Memorial to Dead Miners
A permanent memorial is planned to mark the lives of 57 miners killed in an explosion during World War II.
The men died when a spark triggered a coal dust explosion in number four pit at Sneyd Colliery, Burslem, Stoke-on-Trent, on New Year's Day 1942.
None of the miners should have been working, but had gone down the pit to help with the war effort.
The memorial, whose location is to be chosen by the public, would take the shape of a pit wheel on a plinth.
Keith Meeson, one of the people helping to organise the memorial, said: "It was always a superstition and a bad omen for miners to work on New Year's Day.
"It was due to the war effort, as it was in 1942, they were asked to go into work, and all the men turned out that morning."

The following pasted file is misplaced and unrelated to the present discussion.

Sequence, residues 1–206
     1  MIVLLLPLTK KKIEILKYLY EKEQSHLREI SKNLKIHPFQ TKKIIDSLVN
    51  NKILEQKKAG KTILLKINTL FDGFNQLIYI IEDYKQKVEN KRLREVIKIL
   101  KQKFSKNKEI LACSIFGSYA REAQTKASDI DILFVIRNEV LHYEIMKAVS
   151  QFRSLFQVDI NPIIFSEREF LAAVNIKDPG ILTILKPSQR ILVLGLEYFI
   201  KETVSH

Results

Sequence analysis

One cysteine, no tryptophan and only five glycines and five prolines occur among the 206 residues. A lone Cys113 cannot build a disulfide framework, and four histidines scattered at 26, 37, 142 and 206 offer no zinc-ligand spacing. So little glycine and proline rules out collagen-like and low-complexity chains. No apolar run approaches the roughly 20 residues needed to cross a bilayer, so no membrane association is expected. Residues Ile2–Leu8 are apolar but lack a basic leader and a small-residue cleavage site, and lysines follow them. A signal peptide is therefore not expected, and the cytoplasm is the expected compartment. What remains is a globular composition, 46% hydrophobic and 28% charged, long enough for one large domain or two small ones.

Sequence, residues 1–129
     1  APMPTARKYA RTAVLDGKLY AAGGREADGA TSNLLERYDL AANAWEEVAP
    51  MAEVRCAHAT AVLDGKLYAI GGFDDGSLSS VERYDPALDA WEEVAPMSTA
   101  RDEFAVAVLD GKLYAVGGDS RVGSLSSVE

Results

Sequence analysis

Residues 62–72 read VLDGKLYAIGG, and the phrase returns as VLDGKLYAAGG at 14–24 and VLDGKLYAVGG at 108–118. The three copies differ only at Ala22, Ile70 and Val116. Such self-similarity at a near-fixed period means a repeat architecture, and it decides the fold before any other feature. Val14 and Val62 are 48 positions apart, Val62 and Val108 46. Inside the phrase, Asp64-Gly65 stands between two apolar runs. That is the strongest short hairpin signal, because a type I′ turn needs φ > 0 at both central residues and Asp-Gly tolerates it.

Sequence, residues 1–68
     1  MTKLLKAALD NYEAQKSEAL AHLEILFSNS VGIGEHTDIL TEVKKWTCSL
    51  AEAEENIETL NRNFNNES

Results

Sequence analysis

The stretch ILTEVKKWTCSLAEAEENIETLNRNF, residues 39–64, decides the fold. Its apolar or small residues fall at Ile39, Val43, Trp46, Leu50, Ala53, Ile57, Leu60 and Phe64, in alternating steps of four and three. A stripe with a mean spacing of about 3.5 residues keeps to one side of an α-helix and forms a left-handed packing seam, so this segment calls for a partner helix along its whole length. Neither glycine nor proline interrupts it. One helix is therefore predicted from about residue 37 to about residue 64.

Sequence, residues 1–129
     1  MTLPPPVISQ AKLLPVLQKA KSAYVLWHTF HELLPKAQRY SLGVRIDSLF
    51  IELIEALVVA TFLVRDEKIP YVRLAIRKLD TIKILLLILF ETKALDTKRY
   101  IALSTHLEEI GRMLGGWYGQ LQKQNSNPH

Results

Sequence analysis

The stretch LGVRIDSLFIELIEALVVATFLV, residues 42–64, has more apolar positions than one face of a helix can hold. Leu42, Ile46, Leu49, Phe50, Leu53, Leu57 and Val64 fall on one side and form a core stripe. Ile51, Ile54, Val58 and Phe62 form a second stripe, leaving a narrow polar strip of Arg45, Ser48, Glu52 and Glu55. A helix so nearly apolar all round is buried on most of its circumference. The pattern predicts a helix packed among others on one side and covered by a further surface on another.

An exhibition opens at the Burslem School of Art on Monday where people can find out more about the tragedy and the memorial campaign.
Beryl Royle's father Albert Ansell was one of the rescue team.
Mrs Royle, who was 11-years-old at the time of the tragedy, said: "He went out the house, a 40-year old man and, when he came back in, he looked 70."
Mr Ansell went on to write a book about the disaster, which he later destroyed.
Mrs Royle said: "My uncle, Joe Ansell, he read it, and said no way can you have that published.
"It would be too frightening, and we'd never get anyone to go down a mine again."